I arrived in style with my War Child co-director and our partners in an ancient Volvo. The epauletted valet tried to hide his disgust as he steered the banger away to join the Mercedes, Daimlers and Rollers in the underground parking lot. I noticed that he took off his white gloves to drive.

My wife stepped out of our battered coach wearing a hired gown from Angels, the costumiers. I had borrowed a tie and hoped that no one would see the moths had got to my suit.

War Child had started in my living room only three years before and, though the support of Pavarotti, Brian Eno, David Bowie, Bono and other music celebrities had raised our profile, a regular salary was something myself and my co-director had only recently begun to receive.

The Oppenheimers welcomed us into the glittering chandeliered lobby. After delicate canapés and two flutes of champagne, we were ushered into the dining room designed for the Duke of Wellington.

I had just returned from South Africa as a guest of the Children's Foundation and was supposed to have met Mandela there, but he had been ill and the meeting had been cancelled. Now here he was in the same room as me, much smaller than I had imagined him to be. I am not someone who is star-struck, but here was one of my political icons, his face as recognisable as that of Che Guevara.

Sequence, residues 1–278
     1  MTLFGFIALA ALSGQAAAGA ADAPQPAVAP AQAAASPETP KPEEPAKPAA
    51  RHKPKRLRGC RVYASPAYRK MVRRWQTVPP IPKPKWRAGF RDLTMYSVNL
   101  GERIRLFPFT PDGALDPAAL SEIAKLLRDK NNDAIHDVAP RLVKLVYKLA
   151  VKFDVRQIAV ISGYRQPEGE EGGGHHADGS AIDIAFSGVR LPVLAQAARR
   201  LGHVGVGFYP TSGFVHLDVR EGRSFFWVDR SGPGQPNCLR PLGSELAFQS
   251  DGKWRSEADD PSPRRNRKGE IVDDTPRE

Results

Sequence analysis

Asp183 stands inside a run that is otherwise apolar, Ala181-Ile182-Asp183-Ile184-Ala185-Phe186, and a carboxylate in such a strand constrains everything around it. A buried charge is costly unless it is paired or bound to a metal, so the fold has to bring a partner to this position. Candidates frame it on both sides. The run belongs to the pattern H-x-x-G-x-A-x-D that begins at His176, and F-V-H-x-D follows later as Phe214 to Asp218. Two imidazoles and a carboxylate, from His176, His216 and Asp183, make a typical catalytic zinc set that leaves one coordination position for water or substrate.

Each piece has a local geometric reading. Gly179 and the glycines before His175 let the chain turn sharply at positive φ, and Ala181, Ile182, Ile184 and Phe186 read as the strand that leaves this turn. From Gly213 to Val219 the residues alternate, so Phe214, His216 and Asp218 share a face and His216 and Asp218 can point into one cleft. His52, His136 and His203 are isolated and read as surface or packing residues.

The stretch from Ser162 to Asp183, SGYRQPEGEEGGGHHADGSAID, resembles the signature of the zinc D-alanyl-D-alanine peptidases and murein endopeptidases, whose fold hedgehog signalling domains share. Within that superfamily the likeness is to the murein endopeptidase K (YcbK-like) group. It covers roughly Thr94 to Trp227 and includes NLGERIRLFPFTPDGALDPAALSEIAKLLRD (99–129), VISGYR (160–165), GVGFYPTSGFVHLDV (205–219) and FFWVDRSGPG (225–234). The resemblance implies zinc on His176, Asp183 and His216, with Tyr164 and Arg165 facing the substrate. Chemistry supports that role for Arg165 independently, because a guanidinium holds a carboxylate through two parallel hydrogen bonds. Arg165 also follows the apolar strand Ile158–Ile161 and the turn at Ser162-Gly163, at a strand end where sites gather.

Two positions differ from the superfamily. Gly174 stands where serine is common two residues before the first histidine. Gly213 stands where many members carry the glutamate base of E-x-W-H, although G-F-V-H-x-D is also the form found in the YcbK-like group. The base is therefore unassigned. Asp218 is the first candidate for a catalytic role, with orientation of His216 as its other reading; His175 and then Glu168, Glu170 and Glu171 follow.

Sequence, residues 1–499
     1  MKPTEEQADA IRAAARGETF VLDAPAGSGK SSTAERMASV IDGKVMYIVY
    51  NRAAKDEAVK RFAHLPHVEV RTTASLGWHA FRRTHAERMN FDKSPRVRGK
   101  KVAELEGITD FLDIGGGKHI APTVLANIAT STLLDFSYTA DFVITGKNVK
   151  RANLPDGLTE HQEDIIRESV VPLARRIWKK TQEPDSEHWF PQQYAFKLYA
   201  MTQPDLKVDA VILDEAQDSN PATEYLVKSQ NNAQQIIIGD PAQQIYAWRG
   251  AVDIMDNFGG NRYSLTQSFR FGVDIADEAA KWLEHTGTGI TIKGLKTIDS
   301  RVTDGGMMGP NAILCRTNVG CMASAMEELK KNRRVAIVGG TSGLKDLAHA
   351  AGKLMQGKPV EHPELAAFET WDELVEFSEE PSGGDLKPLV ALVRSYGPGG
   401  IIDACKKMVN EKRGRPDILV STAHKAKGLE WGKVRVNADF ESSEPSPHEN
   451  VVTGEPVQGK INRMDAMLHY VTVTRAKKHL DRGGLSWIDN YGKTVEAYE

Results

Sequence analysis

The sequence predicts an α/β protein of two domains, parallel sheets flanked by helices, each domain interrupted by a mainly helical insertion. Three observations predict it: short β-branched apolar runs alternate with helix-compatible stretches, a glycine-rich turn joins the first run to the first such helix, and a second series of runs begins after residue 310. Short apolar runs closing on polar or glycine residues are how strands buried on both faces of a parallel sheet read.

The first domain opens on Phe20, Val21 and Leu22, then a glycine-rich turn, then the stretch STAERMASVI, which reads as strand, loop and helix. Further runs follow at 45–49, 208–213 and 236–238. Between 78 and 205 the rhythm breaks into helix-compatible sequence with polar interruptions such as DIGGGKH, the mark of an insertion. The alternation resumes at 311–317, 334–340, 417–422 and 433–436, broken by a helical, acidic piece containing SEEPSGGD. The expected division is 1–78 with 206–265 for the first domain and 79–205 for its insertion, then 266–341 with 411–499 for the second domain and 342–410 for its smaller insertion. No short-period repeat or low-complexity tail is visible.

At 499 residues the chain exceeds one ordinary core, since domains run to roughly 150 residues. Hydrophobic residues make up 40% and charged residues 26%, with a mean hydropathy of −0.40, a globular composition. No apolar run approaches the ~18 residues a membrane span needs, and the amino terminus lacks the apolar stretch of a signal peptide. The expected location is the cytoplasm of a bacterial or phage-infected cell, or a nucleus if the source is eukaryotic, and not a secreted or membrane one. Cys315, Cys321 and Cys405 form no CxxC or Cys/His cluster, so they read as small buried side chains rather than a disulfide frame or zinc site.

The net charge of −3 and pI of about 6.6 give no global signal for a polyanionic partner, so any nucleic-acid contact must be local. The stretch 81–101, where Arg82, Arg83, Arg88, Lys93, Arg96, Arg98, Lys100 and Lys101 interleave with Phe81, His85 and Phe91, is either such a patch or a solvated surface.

Looking around the table at the bejewelled and tuxedoed guests, I realised I had Luciano Pavarotti to thank for this dinner. He'd raised millions to help War Child build a music centre in the bombed-out Bosnian city of Mostar and, as I sat there in my divoré suit, I guessed that my invitation was in the hope that Pavarotti's generosity would extend to the Foundation.

I was talking to Ken Follet's wife when I felt a tap on my shoulder. I looked up to see Mandela smiling down at me. ‘I am so sorry.’ I started to get up. ‘Stay there. I can talk to you from here.’

The conversation continued, with me awkwardly looking up at him over my shoulder. ‘Very good to meet you, Mr Wilson.’ ‘It’s an honour to meet you, sir.’ ‘No, it’s an honour for me to meet you. I am sorry I was unwell when you were in my country. I hear you are doing great work in Bosnia.’

I was stunned that he knew about me and had been walking around the table, introducing himself to each guest, presumably with everyone as well researched as I had been. ‘Yes, we're going to open a music centre for young people.’ ‘I know. I have heard. You must keep us informed. We need similar projects in Africa. Music is a great healer.’